NASTY COMPANY

Finally, the company got downright dirty. They closed one of our two plants. We lost about 50 employees, most of them union supporters. We were quietly told by some of the supervisors that the remaining plant would close, too, if the union came in. JPE sais that "militant UE" would make "unreasonable demands." What JPE did not say was that we, the employees, were the UE and we knew what was reasonable and unreasonable.

All of our work paid off when votes were counted on Oct. 23. A hush spread across the room, then shouts of joy. We were hugging each other, some of us crying. At the District Seven Council meeting that weekend, Pete Benning spoke for all of us when he declared, with tears in his eyes, "I’m proud to be a part of this union!"

Looking back, employee Glenda Brown states it plainly: "It was hard. But it was worth it." The campaign strained life-long friendships and tested some marriages. Things will never be the same in the shop — which is what we wanted in the first place.

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Rank and File
Builds Union at JPE

When the staff representative of a major AFL-CIO union stood before JPE workers at a meeting in the plant break room and waved a contract signed by the company, the scenario seemed all wrong to Chuck Abling. JPE employees had never discussed contract proposals or voted on the contract — and had never taken a vote for union representation.

"I’ve never in my life worked some place where a company brought in a union," says Abling, who had been a UE member for 13 years at American Building, and had served as a Local 764 steward and trustee.

Abling’s questions to the AFL-CIO official set in motion a chain of events that led to a UE organizing campaign and a decisive 112-65 win for the union.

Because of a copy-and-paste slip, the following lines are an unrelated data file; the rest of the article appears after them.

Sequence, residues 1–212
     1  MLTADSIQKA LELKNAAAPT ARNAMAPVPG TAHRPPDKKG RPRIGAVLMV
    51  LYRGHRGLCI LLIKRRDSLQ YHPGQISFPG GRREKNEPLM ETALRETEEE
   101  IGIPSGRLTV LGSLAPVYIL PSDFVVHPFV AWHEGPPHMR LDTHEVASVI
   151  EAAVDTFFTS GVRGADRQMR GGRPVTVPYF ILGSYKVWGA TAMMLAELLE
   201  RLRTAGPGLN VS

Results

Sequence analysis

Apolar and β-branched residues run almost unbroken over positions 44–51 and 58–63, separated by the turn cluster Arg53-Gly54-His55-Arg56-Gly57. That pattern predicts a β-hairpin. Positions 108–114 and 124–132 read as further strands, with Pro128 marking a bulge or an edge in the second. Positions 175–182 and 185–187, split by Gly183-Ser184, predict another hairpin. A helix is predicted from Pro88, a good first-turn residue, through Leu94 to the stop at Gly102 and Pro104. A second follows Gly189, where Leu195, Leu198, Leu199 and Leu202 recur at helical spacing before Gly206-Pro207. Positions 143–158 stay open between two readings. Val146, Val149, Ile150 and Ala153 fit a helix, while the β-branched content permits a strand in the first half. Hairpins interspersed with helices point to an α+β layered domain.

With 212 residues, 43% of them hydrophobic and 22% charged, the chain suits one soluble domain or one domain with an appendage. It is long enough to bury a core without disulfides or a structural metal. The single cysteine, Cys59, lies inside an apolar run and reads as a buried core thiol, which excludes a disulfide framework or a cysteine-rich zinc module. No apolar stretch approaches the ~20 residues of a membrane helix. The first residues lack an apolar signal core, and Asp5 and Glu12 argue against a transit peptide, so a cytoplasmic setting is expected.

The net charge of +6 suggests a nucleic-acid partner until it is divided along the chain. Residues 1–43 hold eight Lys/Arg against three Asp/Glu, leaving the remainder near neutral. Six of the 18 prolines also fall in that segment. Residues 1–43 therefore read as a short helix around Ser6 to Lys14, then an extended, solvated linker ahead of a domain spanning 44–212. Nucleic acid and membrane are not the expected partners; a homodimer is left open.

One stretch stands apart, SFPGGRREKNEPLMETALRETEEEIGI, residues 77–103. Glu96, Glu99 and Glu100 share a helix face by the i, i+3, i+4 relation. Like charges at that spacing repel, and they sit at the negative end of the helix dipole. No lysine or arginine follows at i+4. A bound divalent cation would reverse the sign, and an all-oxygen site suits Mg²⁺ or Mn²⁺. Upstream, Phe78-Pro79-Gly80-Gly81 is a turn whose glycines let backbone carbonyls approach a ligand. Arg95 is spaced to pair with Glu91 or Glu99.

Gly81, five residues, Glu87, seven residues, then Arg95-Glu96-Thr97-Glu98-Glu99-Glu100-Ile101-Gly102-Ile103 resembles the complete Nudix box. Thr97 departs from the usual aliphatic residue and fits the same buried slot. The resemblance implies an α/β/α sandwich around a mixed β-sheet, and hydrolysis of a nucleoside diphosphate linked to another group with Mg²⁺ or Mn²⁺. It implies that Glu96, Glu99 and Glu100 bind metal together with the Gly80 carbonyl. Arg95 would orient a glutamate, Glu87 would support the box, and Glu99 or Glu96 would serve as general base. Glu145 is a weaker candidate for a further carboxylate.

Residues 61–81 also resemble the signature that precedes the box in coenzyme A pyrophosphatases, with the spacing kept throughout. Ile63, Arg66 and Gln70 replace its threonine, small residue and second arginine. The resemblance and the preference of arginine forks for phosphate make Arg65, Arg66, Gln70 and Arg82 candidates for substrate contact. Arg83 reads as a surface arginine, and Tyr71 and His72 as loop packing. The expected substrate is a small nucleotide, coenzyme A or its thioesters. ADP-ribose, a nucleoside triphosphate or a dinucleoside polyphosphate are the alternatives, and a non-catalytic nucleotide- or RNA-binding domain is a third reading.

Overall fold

Dedicated to the idea that unions are built by workers themselves, UE rank and filers — past and present — were crucial to successful outcome.

Two graduates of this year’s Organizing Schools — LuAnn Robbins and Jan Tomich, members of UE Local 751 at GE Niles — spent a week visiting and speaking to a number of JPE workers on home visits.

District Seven Pres. Joyce Clayborne offered her encouragement and experience at a number of organizing meetings, did home visits and attended rallies. She and Local 767 members Sue Roderick, Charlene Minter-Fisher and Marcy Brim conducted a phone bank on their day off, calling 120 people to get a good turnout for the first mass meeting just days prior to the election. Local 767 member Connie Kingsolver also did home visits and phone calls to people she knew in the Jamestown area.

Although KMO workers are still struggling for their first contract, Local 794 Pres. Larry Jamason made home visits and phone calls that declared voting UE was the best thing they could do. Chief Steward Howard Leach and Treas. Dave Chambliss wrote articles on behalf of Local 764, encouraging workers to vote UE.

At a rally two days prior to the election, JPE workers received two poster-sized letters of support signed by members of Local 764 and 767. Making the presentation were Local 764 Pres. Robin Hall and Dave Chambliss and Sue Roderick, Diana Thomas and Marcy Brim of Local 767, who offered words of encouragement.

Members of Locals 714, 715, 764, 767, 770 and 777 also wrote letters of support, declaring that UE was a good union.

In addition to Chuck Abling, four other former American Building Co. workers are employed by JPE. The husband of organizing committee member Lori Lovejoy had also worked at ABC and confirmed that UE "is a good union to be with."

Field Organizers Jeremy Prose and Sam Smucker and Intl. Rep. Dennis Painter worked on this campaign.

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UE News - 11/98